We all know that titles should be capitalized, but what words, exactly, do you capitalize in title case? Here are a few tips to get it right, according to The Chicago Manual of Style.
The General Rules
1. Capitalize the first word in the title and (if included) the subtitle.
2. Do not capitalize articles (the, a, and an) or the words to or as.
3. Do not capitalize the conjunctions for, and, nor, but, and or.
4. Do not capitalize prepositions (unless they are part of a verb phrase, such as “sign up”).
Note that many publishing house have a style guide that directly contradicts this rule in The Chicago Manual of Style, and they choose to not capitalize short prepositions like to, up to, in, for, by, and at, but still capitalize longer ones like before, since, above, beyond, and between. However, this is technically incorrect according to Chicago.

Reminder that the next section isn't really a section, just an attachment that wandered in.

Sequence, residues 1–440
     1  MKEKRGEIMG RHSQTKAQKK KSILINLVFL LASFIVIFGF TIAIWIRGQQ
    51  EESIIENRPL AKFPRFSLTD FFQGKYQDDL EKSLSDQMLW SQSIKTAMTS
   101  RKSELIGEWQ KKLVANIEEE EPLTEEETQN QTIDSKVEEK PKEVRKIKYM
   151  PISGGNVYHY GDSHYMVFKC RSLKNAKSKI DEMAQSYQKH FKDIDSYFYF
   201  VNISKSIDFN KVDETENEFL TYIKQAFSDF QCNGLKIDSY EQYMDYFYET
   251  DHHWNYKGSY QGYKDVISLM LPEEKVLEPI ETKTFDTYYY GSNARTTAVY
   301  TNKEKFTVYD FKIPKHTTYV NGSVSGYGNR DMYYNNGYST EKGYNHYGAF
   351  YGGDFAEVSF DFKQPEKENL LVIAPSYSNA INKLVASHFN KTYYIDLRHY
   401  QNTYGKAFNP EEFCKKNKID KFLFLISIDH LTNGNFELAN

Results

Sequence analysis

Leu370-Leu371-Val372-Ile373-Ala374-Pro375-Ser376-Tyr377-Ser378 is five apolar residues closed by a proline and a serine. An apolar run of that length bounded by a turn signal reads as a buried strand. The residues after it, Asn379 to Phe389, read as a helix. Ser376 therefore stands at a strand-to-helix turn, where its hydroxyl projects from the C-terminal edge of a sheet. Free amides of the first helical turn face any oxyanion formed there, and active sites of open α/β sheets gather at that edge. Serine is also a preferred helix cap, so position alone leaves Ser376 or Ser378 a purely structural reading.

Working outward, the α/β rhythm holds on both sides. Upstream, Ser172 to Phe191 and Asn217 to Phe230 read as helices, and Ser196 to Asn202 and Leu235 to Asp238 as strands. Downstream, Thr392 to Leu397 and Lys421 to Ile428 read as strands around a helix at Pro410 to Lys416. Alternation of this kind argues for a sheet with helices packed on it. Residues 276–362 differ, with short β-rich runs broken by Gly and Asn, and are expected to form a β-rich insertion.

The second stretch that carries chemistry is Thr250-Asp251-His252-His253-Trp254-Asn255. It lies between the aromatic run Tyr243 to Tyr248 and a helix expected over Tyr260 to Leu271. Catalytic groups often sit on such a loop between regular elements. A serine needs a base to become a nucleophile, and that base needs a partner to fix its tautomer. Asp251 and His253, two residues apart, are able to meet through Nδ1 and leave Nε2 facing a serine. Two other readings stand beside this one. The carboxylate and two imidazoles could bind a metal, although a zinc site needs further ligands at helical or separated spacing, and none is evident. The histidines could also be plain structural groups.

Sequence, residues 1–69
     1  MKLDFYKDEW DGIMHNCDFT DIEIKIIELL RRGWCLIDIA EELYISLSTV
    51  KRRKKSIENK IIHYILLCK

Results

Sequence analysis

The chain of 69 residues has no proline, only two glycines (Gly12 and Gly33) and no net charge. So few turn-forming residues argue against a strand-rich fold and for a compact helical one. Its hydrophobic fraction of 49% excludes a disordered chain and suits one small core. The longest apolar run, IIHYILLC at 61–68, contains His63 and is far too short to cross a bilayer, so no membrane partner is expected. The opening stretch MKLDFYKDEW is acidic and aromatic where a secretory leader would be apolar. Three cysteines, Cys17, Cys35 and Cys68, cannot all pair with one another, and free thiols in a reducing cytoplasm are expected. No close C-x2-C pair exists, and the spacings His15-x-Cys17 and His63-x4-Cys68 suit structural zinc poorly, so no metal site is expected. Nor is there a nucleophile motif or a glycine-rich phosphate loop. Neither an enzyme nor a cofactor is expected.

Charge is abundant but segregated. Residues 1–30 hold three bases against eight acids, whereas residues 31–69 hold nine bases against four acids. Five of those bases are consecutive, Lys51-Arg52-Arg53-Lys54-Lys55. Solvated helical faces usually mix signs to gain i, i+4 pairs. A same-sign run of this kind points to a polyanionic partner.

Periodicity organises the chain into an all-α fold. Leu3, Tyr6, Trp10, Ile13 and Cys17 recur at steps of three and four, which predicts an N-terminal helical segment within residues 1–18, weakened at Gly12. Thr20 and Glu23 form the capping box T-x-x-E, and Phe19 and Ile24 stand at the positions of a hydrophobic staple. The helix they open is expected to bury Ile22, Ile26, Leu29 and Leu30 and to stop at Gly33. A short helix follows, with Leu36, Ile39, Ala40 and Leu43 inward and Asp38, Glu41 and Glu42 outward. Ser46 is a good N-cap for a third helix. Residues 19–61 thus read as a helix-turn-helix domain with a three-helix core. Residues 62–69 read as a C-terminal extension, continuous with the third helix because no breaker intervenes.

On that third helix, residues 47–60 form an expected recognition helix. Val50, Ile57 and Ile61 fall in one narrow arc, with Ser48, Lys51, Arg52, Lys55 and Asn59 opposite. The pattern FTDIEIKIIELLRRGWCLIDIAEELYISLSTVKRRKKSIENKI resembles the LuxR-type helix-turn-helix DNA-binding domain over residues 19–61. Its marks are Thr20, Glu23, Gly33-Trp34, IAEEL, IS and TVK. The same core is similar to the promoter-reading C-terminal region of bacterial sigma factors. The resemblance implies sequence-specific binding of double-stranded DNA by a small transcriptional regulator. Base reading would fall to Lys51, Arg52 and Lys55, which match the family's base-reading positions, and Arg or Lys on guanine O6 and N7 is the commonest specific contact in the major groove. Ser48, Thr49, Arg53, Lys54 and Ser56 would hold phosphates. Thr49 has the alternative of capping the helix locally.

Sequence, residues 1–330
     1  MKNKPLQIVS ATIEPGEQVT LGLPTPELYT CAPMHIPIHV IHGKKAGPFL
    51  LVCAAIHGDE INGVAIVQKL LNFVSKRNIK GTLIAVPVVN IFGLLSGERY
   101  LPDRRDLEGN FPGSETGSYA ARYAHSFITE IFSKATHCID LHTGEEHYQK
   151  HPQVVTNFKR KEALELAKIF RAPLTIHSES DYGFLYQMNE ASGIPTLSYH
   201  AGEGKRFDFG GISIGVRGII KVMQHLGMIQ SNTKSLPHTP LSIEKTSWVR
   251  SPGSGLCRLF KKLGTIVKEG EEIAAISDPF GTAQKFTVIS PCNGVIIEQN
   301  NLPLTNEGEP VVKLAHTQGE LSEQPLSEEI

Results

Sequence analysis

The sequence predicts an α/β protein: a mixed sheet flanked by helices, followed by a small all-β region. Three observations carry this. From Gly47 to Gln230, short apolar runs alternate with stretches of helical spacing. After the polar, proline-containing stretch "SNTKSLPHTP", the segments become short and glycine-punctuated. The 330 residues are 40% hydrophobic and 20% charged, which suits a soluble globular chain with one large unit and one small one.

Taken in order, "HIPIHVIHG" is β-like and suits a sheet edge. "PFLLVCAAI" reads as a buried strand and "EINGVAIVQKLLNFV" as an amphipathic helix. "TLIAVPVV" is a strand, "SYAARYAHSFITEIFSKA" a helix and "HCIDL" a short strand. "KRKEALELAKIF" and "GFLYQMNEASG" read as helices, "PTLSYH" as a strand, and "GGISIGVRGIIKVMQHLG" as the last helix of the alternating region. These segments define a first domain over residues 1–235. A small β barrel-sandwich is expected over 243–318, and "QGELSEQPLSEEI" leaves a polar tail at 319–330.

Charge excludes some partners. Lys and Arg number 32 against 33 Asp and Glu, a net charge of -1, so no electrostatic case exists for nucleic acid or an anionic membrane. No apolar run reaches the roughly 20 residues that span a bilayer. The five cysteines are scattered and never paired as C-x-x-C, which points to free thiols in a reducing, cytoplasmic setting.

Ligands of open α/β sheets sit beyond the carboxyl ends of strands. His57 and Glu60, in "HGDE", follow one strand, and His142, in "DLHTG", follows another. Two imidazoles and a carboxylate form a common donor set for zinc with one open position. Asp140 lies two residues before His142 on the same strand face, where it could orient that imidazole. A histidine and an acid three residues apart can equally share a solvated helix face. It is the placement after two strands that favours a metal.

Chicago does concede that some prepositions may require more emphasis in certain titles, in which case capitalizing the preposition would be acceptable. But when in doubt, do not capitalize the preposition, regardless of length.
5. Do not capitalize parts of a proper name that wouldn’t normally be capitalized (such as de, da, or von).
6. Capitalize everything else.
Titles with Compound Words
When you have a compound word in a sentence, still follow the rules above for capitalizing the second word in the compound.
The Three-Year Case
A Good-Looking Proposal
Finding a State-of-the-Art Design
Exception: If the first word in the compound isn’t a word that can stand on its own (such as anti or semi), then the second word in the compound is not capitalized.
Example: Anti-government Troops Attacked
It's that easy!
Let us know in the comments below if you have any questions on how to capitalize in title case.
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